From the Washington Navy Yard shooting to the multiple post office killings that occurred in the mid-90s, mass murder at the workplace by disgruntled current and former employees has been widely covered by the media. While dramatic incidents on this scale have immediate and drastic consequences for the businesses involved, they actually account for a very small number of workplace violence incidents.
The U.S. department defines workplace violence includes acts or threats that may include assault, domestic violence, stalking, intimidation, harassment and physical or emotional abuse according to the FBI. The majority of these workplace violence events fail to make headlines. In fact, many workers never even report them to their supervisors or managers. Regardless, steps must be taken to minimize this potential situation from happening.
Violence often starts with an unhappy employee. For example, a meeting between an employee and supervisor could result in the employee being angry, and he or she could decide to retaliate in some form. Your company should have a communication policy that allows an employee to speak openly and candidly with management without fear of retribution.
Whether you’re running a small business or a large corporation, your company personnel can prevent workplace violence by implementing proper pre-employment screening procedures with an employment background check company. While there are sometimes circumstances that cause individuals with no previous record of violent behavior to lash out, only a careful scrutiny of local, state and federal criminal records as part of a background check can identify those with violent pasts or prior convictions.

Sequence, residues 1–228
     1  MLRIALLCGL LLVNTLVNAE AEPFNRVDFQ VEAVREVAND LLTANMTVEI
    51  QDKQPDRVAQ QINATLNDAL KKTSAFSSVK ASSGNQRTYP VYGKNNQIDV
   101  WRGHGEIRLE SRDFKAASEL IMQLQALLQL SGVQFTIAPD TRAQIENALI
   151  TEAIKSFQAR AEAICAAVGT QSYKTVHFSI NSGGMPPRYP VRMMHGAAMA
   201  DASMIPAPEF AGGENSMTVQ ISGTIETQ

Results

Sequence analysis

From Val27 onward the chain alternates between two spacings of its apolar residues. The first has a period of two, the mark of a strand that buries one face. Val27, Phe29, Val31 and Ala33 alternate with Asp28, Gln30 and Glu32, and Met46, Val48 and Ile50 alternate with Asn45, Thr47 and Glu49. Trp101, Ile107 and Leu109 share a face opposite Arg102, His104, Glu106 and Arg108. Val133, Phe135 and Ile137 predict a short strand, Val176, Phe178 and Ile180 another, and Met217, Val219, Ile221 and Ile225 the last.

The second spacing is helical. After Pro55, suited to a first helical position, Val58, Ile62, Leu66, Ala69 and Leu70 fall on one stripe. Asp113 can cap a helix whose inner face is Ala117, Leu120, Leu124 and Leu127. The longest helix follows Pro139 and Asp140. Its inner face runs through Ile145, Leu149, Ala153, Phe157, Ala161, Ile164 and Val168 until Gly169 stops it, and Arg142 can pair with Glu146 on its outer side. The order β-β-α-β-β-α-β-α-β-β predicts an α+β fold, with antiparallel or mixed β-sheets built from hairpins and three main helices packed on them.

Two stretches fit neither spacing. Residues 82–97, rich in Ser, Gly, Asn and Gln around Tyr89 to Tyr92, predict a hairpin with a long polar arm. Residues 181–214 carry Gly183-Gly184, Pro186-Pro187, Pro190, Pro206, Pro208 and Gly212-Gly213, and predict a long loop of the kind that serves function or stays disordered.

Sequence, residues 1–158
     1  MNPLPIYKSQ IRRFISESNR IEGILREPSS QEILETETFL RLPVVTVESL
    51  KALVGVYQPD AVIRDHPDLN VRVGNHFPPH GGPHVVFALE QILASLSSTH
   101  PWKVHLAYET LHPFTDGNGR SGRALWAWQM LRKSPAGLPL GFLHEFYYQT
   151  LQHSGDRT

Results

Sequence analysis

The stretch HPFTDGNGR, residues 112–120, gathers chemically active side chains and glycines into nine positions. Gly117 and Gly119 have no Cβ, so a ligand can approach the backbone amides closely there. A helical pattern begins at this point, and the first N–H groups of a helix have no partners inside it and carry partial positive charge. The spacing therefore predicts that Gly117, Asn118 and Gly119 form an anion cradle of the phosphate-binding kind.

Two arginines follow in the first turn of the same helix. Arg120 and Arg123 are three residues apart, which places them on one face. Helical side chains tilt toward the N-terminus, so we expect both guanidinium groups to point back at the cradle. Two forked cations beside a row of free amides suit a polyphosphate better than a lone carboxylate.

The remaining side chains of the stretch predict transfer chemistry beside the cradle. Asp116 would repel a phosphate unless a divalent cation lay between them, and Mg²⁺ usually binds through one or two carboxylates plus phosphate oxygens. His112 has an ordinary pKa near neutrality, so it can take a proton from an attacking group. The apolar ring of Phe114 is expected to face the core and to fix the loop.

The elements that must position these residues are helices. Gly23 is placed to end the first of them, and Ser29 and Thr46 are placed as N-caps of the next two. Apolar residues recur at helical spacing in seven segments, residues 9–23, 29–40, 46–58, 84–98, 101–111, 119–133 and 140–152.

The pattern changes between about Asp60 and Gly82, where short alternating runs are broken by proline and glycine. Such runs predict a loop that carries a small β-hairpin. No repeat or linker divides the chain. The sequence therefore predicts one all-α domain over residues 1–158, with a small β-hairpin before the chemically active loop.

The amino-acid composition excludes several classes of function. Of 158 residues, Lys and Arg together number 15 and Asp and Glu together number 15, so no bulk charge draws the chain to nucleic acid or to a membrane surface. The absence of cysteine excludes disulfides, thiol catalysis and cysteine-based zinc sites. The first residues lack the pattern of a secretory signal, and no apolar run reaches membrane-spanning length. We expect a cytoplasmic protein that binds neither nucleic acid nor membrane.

Other steps you can take to prevent workplace violence —in addition to partnering with appropriate employment background check companies—include:
- Establish a culture with zero-tolerance for violence. Make sure your employees know that this includes bullying, yelling, intimidation and harassment as well as actual physical altercations.
- Encourage employees to report all threats or violent acts immediately. Make it easy and comfortable for them to contact a supervisor, human resources representative or the company owner to talk about potential concerns.
- Create a policy for responding to workplace violence incidents. In a zero-tolerance company, you may elect to terminate any employee who is proven guilty of engaging in workplace violence. Other possible disciplinary actions include written warnings, demotions or suspension without pay. Distribute the policy to all employees so everyone understands the consequence of negative actions.
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